Britton Buckner has plenty of opportunities to cry. But with all the tragedy she’s seen in the past year as Head of Programs in Iraq for Catholic Relief Services (CRS), the 35-year-old native of Alabama says the last time she cried was because of a story of hope.
A group of Iraqi Dominican sisters were providing education and caring for orphans and the disabled in the town of Karaquosh, but the Islamic State was getting closer. The sisters decided they would stay until the last minute. Then, in the middle of the night, the mother superior rallied her sisters together and said they all had to flee—now.
It was summertime, and because of the heat the car’s air conditioning was on and the gas began to run out since there was such a long line of people trying to escape. What should have been a 90-minute drive took the sisters nine hours. When they finally arrived in the northern capital of Irbil, despite their own trials, they immediately found the Christian community and began giving milk to babies, diapers to mothers, and began a school for displaced families, which is now recognized by Iraq’s Department of Education as the best school in Northern Iraq.
“I see this all the time,” says Buckner. “In spite of the trauma so many have endured, in their very difficult conditions, they’re still opening their doors to each other, offering to give what they have to someone else. That’s the dignity and faith they have, the solidarity they have, that someone else could be worse off than they are.”
Another example that exemplifies the kind of perseverance and solidarity Buckner sees is directly related to her own staff, most of whom come from the displaced population. “We’ve got engineers, for example, who’ve come from Mosul, who spent nights up on Sinjar mountain escaping ISIS with their families,” she says. “But when they came to Dohuk, where we are based in the north, they immediately started working around the clock.”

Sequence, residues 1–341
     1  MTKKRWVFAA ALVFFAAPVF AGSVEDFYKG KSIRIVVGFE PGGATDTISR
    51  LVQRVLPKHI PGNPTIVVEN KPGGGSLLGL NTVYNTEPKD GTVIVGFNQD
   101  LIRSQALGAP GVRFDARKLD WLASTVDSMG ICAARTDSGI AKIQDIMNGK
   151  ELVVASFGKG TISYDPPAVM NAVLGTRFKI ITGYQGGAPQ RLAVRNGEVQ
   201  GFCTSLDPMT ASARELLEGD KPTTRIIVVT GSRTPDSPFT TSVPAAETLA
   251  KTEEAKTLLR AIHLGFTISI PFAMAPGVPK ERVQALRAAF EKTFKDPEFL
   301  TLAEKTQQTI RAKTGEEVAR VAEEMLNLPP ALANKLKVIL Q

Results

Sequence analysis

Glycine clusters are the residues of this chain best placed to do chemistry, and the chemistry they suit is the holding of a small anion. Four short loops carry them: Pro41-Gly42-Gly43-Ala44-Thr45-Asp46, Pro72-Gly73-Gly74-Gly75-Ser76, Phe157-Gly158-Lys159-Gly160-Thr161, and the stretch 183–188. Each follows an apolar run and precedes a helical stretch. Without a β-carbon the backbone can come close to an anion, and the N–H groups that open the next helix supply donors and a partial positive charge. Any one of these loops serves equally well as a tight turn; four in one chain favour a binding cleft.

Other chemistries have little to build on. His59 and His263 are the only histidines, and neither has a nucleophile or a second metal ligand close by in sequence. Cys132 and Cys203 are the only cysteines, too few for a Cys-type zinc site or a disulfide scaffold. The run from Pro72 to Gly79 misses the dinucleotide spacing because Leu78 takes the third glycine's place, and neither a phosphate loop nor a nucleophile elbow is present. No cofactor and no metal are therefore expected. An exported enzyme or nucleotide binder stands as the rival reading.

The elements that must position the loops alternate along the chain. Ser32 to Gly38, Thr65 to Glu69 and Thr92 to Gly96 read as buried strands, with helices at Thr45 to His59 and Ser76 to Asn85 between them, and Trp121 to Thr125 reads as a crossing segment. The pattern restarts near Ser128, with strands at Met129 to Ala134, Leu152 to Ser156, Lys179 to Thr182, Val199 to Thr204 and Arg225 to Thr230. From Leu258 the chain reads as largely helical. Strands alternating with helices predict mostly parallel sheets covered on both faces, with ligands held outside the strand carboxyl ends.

CRS was initially building shelters and homes in the winter because people were freezing to death — most people don’t realize Iraq has very cold, snowy winters — and the workers would not go home. “We said, ‘It’s Christmas, it’s December 25, it’s time to stop,’ and they said, ‘How can we stop? There are people out there freezing.'”
Buckner is amazed by the people she serves. “Families and individuals who have endured so much, who are not living comfortable lives, who are getting worrisome updates from family members in ISIS territory — they still want to help, they want to give back. That level of solidarity is inspiring.”
CRS’s work in Iraq focuses on responding to the crisis of internally displaced people, those who have been forced to flee their homes because of ISIS—over 3 million people. Because they have to flee their towns and villages at a moment’s notice, many initially live with friends or relatives. “Most are middle-class people — doctors, lawyers, teachers — and over time, their savings run out and they have to go into makeshift shelters and have no cash to cover basics,” explains Buckner.
In addition to shelter and sanitation, CRS provides emergency food and water — using a cash-based response wherever possible, so families can buy what they need. Half of the displaced people in Iraq are children, so in addition to assisting with their immediate physical and emotional needs, CRS is working with the Iraqi Department of Education to create more classrooms and mobilize the teacher force.